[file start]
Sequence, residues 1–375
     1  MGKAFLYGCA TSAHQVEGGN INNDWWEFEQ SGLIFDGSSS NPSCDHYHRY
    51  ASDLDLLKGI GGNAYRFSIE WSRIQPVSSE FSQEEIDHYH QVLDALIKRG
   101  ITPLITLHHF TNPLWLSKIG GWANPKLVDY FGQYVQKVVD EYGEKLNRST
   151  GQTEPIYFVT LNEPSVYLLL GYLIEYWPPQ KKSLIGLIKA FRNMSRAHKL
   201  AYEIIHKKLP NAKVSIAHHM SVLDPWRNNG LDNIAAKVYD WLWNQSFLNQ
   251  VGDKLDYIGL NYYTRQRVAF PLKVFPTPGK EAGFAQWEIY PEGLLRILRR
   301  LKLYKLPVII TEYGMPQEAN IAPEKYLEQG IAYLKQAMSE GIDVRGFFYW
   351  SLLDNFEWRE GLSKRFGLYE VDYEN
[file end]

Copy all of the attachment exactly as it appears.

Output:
Sequence, residues 1–375
     1  MGKAFLYGCA TSAHQVEGGN INNDWWEFEQ SGLIFDGSSS NPSCDHYHRY
    51  ASDLDLLKGI GGNAYRFSIE WSRIQPVSSE FSQEEIDHYH QVLDALIKRG
   101  ITPLITLHHF TNPLWLSKIG GWANPKLVDY FGQYVQKVVD EYGEKLNRST
   151  GQTEPIYFVT LNEPSVYLLL GYLIEYWPPQ KKSLIGLIKA FRNMSRAHKL
   201  AYEIIHKKLP NAKVSIAHHM SVLDPWRNNG LDNIAAKVYD WLWNQSFLNQ
   251  VGDKLDYIGL NYYTRQRVAF PLKVFPTPGK EAGFAQWEIY PEGLLRILRR
   301  LKLYKLPVII TEYGMPQEAN IAPEKYLEQG IAYLKQAMSE GIDVRGFFYW
   351  SLLDNFEWRE GLSKRFGLYE VDYEN